Small businesses do not have the funds to lobby Congress for waivers to bad laws such as ObamaCare or to get favorable representation in these bills. For instance, union employees are exempt to many provisions of ObamaCare such as the luxury health insurance tax.

Large companies that trade on the stock exchange are backed by the public and they are provided favorable tax exemptions. For instance, Whirlpool does not have to pay any income tax because they meet “green” tax incentives and exemptions. General Electric can claim massive profits from overseas units that are exempt from U.S. taxes. In other words, large companies can find loopholes to circumvent high U.S. taxes and they have less to risk because they are publically owned. On the other hand, small businesses are stuck with all the risk as well as high U.S. tax rates.

Large and global companies can also seek lower manufacturing prices and conduct businesses in countries where regulations are not as anti-business. In the U.S. for instance, environmental regulations are very anti-business because they drive up energy costs. Small businesses do not have the luxury of going global.

The Obama administration invests in some green companies but not others. They pick winners and losers and the winners are usually companies that invest in Obama’s campaign. Meaning, you must have money to get favorable treatment from the government.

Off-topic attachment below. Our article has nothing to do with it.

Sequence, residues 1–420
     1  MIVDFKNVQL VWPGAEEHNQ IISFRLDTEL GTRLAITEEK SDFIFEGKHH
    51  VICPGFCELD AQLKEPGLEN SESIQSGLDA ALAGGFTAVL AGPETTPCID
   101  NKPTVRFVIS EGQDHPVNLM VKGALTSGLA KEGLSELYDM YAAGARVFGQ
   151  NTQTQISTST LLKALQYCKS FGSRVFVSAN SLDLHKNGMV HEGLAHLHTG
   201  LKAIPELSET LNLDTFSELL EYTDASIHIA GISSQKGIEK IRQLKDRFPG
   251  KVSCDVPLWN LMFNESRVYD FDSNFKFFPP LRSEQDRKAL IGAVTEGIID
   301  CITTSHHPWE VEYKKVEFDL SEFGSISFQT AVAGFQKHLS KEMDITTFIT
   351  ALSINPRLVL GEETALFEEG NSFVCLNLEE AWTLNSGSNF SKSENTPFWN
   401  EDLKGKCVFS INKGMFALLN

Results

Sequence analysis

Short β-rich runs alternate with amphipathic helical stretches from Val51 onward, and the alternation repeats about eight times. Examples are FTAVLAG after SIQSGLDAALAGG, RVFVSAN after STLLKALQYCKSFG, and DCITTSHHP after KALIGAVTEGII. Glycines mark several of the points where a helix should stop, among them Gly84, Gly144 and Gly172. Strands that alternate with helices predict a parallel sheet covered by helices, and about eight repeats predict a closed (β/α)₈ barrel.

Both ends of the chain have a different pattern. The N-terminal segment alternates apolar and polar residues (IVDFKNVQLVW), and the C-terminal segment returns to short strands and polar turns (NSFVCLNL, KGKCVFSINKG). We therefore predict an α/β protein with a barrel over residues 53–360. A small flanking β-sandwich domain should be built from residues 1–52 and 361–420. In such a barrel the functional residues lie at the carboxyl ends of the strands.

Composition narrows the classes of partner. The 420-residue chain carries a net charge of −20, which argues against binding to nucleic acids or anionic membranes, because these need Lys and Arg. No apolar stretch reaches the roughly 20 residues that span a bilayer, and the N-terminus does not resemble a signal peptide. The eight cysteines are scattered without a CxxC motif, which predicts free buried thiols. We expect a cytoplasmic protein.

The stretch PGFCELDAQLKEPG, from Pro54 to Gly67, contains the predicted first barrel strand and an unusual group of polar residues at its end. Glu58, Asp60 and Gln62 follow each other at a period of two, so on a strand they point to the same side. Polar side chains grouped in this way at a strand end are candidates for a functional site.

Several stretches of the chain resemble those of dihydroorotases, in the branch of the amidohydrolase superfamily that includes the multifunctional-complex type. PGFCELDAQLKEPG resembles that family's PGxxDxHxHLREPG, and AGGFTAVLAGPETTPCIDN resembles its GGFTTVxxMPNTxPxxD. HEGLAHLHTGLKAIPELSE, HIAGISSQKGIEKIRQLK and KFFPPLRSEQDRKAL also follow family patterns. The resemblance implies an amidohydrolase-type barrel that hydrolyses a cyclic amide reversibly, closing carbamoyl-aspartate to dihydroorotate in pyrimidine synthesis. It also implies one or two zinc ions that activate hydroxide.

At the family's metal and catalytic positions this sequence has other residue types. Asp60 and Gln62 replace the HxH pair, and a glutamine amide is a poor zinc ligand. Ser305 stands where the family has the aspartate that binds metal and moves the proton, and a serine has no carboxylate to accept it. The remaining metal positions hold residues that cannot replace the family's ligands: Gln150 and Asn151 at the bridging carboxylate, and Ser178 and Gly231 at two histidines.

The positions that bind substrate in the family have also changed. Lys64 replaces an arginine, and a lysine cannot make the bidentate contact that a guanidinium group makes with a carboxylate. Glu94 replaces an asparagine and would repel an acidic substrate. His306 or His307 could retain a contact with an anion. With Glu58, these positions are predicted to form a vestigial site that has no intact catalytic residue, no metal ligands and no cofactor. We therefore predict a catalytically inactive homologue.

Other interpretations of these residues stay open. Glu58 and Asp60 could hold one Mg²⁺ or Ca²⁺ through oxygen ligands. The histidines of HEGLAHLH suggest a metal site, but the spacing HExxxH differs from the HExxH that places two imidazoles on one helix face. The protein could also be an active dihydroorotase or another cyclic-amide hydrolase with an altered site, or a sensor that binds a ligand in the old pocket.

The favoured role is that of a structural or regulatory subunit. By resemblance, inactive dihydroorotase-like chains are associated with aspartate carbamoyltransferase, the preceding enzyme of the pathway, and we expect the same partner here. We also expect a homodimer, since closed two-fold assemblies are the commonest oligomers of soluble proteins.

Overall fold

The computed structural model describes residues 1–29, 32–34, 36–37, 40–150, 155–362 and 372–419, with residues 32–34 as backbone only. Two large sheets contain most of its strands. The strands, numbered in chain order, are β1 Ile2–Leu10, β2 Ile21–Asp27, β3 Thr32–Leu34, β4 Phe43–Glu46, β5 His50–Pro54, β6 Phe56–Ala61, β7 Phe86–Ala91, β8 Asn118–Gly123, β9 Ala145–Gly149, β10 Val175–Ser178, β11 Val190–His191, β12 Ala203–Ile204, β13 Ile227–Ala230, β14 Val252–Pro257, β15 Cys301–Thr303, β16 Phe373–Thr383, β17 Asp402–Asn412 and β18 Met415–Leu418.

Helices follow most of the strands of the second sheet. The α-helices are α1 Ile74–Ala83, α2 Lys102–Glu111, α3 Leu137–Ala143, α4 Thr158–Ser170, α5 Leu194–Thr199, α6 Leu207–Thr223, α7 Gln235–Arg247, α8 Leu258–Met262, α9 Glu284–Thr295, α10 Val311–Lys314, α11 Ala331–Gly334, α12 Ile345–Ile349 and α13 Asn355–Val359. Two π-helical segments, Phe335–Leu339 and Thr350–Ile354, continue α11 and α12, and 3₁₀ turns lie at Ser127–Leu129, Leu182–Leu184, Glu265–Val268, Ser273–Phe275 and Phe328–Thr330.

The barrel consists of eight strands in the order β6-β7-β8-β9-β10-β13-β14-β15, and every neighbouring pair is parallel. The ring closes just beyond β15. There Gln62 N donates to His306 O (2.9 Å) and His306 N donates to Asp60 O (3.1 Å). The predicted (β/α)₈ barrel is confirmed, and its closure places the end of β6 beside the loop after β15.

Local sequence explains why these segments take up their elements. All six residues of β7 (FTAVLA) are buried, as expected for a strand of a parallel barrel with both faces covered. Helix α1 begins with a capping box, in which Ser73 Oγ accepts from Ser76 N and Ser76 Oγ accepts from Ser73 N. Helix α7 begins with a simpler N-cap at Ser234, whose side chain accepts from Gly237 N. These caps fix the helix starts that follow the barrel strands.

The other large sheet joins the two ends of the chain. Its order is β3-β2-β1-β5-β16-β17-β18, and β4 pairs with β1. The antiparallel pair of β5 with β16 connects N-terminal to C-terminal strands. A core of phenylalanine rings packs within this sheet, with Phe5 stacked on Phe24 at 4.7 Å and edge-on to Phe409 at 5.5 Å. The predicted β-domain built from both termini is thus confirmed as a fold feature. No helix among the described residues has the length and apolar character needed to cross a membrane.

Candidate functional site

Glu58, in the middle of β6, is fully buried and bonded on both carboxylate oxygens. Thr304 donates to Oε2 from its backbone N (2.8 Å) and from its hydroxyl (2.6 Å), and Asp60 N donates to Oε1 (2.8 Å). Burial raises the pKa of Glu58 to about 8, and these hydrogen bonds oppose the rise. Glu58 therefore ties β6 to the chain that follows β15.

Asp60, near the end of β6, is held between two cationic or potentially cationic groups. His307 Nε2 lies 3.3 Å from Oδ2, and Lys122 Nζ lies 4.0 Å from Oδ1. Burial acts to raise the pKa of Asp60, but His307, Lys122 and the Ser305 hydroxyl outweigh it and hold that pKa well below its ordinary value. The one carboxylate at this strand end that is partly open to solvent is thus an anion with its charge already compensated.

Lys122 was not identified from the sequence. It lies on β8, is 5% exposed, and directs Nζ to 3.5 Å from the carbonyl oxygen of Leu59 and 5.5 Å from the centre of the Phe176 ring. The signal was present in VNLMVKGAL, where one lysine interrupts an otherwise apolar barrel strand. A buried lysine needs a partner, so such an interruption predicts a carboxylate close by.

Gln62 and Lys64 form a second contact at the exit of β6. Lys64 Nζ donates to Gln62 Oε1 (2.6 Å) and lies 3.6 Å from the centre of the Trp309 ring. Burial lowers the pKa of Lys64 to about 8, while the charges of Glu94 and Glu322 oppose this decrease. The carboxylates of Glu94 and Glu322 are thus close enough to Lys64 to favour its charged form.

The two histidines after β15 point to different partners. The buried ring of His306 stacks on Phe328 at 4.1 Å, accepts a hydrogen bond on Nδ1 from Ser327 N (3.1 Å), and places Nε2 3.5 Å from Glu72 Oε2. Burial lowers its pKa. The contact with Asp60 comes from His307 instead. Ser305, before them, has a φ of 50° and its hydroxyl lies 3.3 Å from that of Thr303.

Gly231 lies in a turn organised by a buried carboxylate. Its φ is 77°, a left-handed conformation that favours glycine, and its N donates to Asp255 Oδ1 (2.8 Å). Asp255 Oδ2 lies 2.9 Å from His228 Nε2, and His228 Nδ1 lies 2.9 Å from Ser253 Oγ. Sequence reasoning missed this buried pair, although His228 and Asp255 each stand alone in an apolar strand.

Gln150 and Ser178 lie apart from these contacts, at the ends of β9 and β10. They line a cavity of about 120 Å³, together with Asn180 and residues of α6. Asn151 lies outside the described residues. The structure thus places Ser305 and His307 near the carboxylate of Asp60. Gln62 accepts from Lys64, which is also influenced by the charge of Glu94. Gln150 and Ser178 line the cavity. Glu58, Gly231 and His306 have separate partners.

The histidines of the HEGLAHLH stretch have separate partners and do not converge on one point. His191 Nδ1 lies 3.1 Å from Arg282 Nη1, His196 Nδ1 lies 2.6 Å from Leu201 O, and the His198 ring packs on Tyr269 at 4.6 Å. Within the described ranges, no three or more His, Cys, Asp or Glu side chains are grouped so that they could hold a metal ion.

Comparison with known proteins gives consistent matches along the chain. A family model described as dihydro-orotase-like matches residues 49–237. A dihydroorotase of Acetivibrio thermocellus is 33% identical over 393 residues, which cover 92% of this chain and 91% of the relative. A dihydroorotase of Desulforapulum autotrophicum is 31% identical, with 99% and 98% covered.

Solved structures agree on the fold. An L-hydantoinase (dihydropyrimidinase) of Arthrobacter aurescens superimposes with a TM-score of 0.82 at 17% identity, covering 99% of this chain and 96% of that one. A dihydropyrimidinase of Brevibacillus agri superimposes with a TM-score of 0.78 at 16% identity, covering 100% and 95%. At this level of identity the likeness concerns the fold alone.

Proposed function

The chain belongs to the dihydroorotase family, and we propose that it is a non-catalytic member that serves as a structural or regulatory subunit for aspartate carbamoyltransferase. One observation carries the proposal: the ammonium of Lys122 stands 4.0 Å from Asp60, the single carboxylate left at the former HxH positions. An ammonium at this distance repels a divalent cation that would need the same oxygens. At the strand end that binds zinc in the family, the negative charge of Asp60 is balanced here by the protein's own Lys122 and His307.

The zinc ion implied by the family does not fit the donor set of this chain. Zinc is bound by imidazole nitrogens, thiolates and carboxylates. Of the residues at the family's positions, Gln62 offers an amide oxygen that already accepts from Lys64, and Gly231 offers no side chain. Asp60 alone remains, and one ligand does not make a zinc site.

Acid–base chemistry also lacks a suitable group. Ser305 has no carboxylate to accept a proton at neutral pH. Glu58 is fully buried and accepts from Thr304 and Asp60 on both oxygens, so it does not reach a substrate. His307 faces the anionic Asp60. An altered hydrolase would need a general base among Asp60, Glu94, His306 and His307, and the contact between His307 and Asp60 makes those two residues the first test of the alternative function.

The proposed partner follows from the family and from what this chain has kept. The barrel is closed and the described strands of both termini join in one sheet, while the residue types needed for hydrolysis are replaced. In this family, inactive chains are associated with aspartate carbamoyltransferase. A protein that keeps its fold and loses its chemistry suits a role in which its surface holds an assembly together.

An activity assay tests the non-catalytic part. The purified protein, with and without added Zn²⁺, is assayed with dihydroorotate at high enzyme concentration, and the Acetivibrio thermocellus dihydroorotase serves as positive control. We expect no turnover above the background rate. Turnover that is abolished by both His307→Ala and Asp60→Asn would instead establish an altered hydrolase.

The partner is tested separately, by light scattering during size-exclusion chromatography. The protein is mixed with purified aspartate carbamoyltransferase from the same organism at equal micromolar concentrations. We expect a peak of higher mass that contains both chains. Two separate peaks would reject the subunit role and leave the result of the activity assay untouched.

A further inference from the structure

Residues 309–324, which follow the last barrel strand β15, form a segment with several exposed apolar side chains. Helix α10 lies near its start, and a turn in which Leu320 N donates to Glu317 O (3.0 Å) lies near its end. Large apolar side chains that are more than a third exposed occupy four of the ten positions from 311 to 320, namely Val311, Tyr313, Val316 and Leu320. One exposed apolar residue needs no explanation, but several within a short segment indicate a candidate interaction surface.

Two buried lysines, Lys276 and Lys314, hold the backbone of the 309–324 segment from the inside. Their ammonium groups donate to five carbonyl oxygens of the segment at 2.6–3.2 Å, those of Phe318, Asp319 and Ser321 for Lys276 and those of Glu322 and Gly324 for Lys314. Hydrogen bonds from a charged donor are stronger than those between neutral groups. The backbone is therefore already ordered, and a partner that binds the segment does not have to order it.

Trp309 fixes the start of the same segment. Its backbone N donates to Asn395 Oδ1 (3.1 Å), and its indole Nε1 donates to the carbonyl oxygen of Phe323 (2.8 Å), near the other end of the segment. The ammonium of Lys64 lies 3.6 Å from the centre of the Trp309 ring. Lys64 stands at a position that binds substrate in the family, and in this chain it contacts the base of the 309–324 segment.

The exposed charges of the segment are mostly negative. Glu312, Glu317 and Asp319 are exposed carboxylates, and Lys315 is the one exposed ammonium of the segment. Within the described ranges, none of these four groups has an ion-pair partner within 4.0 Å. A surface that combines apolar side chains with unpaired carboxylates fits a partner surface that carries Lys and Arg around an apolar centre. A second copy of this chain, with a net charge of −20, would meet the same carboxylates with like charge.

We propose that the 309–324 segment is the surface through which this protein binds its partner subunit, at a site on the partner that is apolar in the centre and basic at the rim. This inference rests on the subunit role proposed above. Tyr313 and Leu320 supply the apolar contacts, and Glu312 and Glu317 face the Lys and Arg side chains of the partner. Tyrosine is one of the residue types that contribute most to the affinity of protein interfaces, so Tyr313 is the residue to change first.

Many small businesses claim their profits as ordinary income. And income does not mean wealth. This is a big misconception about taxes. A person that is considered living in poverty may actually be wealthy and a person with a high income may actually be poor. Income is how much money a person makes in a year. Income does not take into account how much savings or debt a person has. Hence, a person who created a small business and still has a huge student loan and business debt can be taxed at a very high rate. On the other hand, a retired person can live on a small income because they have no debt and can have millions in savings, but can be seen as living in poverty and pay no income tax. This is why taxing people on income and not wealth is very misleading. And this why it is hard for small businesses to succeed and overcome the debt and financial risk they must endure to start a business.

The bottom line is those companies that will succeed are big and have deep pockets. Small businesses that must overcome large debts are more than likely going to fail. In fact, the smaller the business (in terms of employees), the higher the chances that the business will fail. And new regulations, rules, mandates, and laws such as Dodd-Frank and ObamaCare will make small companies highly unlikely to succeed.

Wednesday, March 20, 2013

Lance Armstrong

Is anyone surprised Lance Armstrong used performance enhancement drugs to reach the pinnacle of the cycling world winning the Tour de France 7 times? Well you shouldn’t be. Armstrong is the prototypical narcissist and anyone who knows about his relationship with teammates and family understands Armstrong doesn’t care about anyone but himself. Besides, pro cycling, especially the Tour de France, have faced decades of cheating which has included other past champions and hundreds of others who have been banned from competition. Cheating in cycling is and was rampant. I am not condoning cheating, but if your competition is cheating then it is easy for many to conclude they too must cheat to remain competitive. Many cycling events, not just the Tour de France, are grueling events. In fact, pro cycling tour events may arguably be the toughest physical sport.